Wolves and Christianity

Edwin Wollert / Education Coordinator / Wolf Song of Alaska

Did you know?

Perhaps the strongest example of wolves being portrayed as vicious, even evil, hails back to early Biblical times. By that time, human civilization was growing, and the wilderness had become something to be feared, conquered. The Book of Genesis tells us to subdue the earth. Since the wilderness was dark, unhallowed, flawed, it had to be improved by human hands.

"For I know this, that after my departure, savage wolves will come in among you, not sparing the flock."
- Acts, 20: 29

Unfortunately for the wolves, the metaphors became much more specific. Jesus was often depicted as a shepherd, protecting his flock of faithful from evil. This basic imagery grew more intensified since the wolf is the symbol of pagan Rome's founding, the culture in which Jesus lived and preached. It was not long before the wolf became a symbol of evil, a threat to those in Christ's flock. Accordingly, wolves were hunted to an extreme. This symbol of a hostile wilderness (both in Europe and in the developing American lands) was equated with the devil's own servants.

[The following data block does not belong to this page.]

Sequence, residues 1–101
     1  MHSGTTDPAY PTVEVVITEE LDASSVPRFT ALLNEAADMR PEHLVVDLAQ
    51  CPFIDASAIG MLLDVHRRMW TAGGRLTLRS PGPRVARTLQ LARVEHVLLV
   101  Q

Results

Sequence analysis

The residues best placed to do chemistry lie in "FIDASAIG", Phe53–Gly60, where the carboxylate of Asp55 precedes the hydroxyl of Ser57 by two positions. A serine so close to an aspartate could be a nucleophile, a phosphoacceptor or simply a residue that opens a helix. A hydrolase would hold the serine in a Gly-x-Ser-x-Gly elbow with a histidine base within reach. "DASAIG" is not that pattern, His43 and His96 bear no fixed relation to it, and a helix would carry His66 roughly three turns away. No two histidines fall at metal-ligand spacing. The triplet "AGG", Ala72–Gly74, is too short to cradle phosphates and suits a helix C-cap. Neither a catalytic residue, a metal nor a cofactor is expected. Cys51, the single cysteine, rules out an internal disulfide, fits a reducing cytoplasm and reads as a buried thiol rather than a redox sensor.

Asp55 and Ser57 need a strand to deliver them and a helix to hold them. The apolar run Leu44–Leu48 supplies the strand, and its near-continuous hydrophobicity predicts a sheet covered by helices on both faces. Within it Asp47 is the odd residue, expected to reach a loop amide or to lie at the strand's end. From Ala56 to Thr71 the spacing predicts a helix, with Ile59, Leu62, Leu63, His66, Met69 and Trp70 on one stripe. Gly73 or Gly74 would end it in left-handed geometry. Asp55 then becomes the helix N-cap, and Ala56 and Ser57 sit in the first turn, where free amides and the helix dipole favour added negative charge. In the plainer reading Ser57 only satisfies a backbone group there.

"Beware of false prophets, which come to you in sheep's clothing, but inwardly they are ravening wolves."
- Saint Matthew, 7: 15

A more positive Christian view of the wolf appears in the story of St. Francis of Assisi. He lived during the late twelfth and early thirteenth centuries, a time long before the notions of wildlife conservation or environmental ethics developed. He is fondly remembered for his giving nature, and his unrelenting dedication to fundamental Christian virtues, particularly charity, chastity and poverty. Francis was raised in wealthy, noble circumstances, but the European wars and their effects on the masses convinced him to make significant personal changes.

Francis is known in wolf-lore for defending a lone wolf against the townsfolk of Gubbio, Italy. This wolf was simply hungry, and had already attacked and consumed some of the local livestock. Francis encouraged the people to show mercy and charity, and they followed his lead in feeding the wolf, so that all might live more harmoniously.

The overwhelming sympathy for animals remains strong with Franciscans today, as Franciscan monks are known to live in idyllic settings, peacefully co-existing with wildlife. St. Francis even managed to persuade those in power to enact a law which would care and provide for both animals and the poor, all the more remarkable in a feudal society, which during that period saw commoners as fodder and animals as things to be merely utilized or consumed.